Is it really fun to put on a costume with a mask you can’t see out of and walk up and down the streets with terrifying-looking creatures who shove you out of the way if you can’t say “trick or treat” fast enough?

Is it really fun to be at a party with 40 other adults and children where so many things are going on that you can’t make sense of anything and you end up racing some other child up and down the stairs over and over until you slip, fall down, and end up with a bleeding lip?

And what if, in the midst of one of these “fun” activities, you lose control in your over-excitement, hit somebody and get yelled at? How much fun is that?

Stimulation and agitation

Excitement is a physical/emotional state that occurs in response to stimulation.

Some call excitement an impulse. It can be pleasurable when the degree of stimulation is manageable. But it stops being fun when the stimulation becomes bigger than a person can manage – that is, when the excited impulse takes over and propels a person into doing something he or she wouldn’t otherwise want to do.

On the adult level, as an example, a person can sincerely regret a sexual escapade, remarking, “I don’t know what came over me – it was just so exciting!” Similarly, a child might say, if he could find the words, “I really didn’t mean to bite him! We were just having fun wrestling and it happened.”

You’ve already learned to spot the signs that your child is getting over-stimulated. His voice raises both in pitch and volume, his eyes narrow and his teeth clench with aggression. Or if he is the victim of some other overexcited child, his eyes widen with fear and approaching tears.

You feel the need to jump in and stop the running, the wrestling, the tickling, before the loud laughter turns to loud sobs.

You can hear your mother’s words from your own childhood coming out of your mouth: “Now, just stop before someone gets hurt!” But part of you may want to squelch that impulse because you don’t want to spoil the “fun.”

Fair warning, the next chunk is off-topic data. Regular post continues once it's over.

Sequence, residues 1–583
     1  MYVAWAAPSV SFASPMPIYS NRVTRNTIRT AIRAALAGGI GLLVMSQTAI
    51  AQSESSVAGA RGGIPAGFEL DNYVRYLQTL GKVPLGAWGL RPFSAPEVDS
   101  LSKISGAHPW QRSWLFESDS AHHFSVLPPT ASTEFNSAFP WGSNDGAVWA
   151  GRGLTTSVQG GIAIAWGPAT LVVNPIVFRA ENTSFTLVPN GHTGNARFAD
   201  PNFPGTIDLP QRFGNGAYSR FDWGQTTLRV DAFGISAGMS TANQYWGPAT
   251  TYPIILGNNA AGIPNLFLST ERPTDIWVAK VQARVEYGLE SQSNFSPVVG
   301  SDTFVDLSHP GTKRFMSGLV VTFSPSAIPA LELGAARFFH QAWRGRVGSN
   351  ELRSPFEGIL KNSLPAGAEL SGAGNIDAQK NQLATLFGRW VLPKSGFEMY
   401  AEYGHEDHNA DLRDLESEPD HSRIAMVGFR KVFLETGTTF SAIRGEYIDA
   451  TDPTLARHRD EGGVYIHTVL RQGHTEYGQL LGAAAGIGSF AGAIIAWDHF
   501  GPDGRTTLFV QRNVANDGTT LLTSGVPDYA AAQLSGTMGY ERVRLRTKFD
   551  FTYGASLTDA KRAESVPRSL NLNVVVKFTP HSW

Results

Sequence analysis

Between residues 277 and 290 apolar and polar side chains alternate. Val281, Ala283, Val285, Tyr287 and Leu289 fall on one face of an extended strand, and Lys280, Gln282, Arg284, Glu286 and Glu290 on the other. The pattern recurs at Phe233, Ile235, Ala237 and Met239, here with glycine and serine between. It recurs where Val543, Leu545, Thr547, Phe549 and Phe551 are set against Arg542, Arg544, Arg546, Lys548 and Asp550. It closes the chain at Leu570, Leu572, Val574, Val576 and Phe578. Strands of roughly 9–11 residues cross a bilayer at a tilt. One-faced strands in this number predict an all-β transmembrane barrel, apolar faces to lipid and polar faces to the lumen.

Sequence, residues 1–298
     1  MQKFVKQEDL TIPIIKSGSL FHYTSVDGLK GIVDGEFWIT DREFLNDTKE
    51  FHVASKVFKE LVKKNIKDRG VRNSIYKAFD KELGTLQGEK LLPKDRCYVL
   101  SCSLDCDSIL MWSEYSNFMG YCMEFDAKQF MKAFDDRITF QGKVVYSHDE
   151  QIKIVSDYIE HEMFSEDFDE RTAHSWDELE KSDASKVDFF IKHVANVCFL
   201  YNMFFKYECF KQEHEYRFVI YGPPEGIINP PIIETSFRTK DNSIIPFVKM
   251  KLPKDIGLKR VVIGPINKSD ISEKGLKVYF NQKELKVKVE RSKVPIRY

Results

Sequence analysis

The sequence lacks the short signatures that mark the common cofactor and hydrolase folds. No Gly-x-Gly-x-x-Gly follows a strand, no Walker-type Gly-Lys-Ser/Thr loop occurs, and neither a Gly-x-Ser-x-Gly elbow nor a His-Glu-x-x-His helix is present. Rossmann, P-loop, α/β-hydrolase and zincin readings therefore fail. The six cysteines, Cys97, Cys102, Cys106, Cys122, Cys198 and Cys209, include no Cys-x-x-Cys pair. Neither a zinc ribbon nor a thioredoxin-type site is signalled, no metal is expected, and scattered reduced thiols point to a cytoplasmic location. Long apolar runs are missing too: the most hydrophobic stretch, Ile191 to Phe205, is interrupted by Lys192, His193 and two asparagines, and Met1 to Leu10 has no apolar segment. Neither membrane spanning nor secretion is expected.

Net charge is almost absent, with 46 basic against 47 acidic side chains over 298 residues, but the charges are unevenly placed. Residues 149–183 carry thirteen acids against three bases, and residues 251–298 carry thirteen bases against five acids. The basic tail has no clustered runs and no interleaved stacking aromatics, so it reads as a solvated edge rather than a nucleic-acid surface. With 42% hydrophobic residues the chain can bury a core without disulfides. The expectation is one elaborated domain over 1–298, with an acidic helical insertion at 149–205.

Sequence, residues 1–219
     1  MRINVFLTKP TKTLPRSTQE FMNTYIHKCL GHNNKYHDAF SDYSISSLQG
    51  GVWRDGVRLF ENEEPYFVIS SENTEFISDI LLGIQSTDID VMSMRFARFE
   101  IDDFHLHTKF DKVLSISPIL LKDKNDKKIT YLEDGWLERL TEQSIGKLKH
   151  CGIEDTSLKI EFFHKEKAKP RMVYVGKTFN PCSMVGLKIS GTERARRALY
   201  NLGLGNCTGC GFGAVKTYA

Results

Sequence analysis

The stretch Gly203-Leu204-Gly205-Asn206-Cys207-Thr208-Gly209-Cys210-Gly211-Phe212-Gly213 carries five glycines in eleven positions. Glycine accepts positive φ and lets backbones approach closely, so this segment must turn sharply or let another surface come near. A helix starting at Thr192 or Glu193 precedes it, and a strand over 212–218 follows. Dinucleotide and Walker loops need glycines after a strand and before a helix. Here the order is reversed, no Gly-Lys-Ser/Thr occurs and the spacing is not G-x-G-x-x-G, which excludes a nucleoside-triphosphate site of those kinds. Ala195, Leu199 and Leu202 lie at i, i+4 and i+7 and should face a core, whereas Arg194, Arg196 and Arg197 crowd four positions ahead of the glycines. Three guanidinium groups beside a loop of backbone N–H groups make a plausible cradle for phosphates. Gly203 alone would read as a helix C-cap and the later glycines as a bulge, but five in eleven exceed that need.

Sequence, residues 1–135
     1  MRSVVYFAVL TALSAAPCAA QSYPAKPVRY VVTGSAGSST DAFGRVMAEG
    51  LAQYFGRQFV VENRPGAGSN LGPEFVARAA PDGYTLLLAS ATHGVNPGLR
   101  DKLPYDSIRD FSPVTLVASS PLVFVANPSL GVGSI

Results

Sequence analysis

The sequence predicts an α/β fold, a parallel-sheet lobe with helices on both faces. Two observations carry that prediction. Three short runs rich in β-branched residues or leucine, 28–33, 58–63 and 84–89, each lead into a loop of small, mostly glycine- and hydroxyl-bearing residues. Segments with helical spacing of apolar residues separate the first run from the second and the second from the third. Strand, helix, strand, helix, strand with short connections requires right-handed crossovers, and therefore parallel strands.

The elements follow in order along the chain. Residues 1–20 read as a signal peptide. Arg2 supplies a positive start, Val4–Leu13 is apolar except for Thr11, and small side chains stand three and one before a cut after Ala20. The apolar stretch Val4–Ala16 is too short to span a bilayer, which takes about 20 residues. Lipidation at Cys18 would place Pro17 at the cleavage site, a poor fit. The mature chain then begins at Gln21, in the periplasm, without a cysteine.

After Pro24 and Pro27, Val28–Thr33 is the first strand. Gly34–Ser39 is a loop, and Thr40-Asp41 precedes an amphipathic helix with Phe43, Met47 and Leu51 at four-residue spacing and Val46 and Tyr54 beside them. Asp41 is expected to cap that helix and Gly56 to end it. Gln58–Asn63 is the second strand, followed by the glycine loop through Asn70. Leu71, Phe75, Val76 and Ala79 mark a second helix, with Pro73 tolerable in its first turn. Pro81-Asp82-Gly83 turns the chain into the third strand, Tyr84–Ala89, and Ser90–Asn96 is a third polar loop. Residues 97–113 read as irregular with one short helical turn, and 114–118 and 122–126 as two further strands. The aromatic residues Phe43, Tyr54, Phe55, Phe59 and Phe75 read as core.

Go with your first reaction and stop the escalation of excitement before it takes over and the “fun” ends in Band-Aids or broken table lamps or worse.

Your child may even protest that he and his friends were just playing, that no one will get hurt. But he in fact is not enjoying this scary excitement and will quickly accept a substitute activity that you suggest.

Providing a sense of control

Your child will enjoy holiday and other special celebrations the most when he feels sufficiently in control of his experiences. You can help in this by providing ways to be an active participant in as many parts of the celebration as possible. He can help make the decorations and set the table for the guests. He can be told ahead of time exactly what will happen and when (no surprises) and be allowed to make choices where possible.

You can protect him from becoming over-stimulated by pacing the activities and choosing ones appropriate to his age level.

Have fun having fun together.

Image courtesy of David Castillo Dominici/FreeDigitalPhotos.net

My Mad Feelings bullying prevention program featured on News 19 Cleveland

On March 7, Hanna Perkins Center’s “My Mad Feelings” bullying prevention curriculum was featured on Cleveland 19 News. The story, by reporter Sia Nyorkor, featured a “Shaker’s First Class” preschool class at Onaway Elementary School, where the curriculum is being taught. Shaker Schools is in its second year of a partnership with Hanna Perkins to present the curriclum to its preschool students.

Here’s the story:

Cleveland 19 News Cleveland, OH

Collaborating with a student to change a behavior

Michael (not his real name) is a 5-year old boy who has autism. He loves playing outside. During school recess each day he smiles as he digs for worms in the dirt, shovels and sifts in the sandbox, and gleefully rides on the swings. Our school playground has areas that are both open to the elements and covered by a roof, allowing outdoor play regardless of weather.

As the temperatures began to get colder, Michael was quite willing to put on his coat, but he adamantly refused to keep his head covered with a hat or a hood. This was becoming a point of struggle at home, and his mother expressed concern about it. She also wasn’t sure what we might do to keep Michael’s head covered during recess.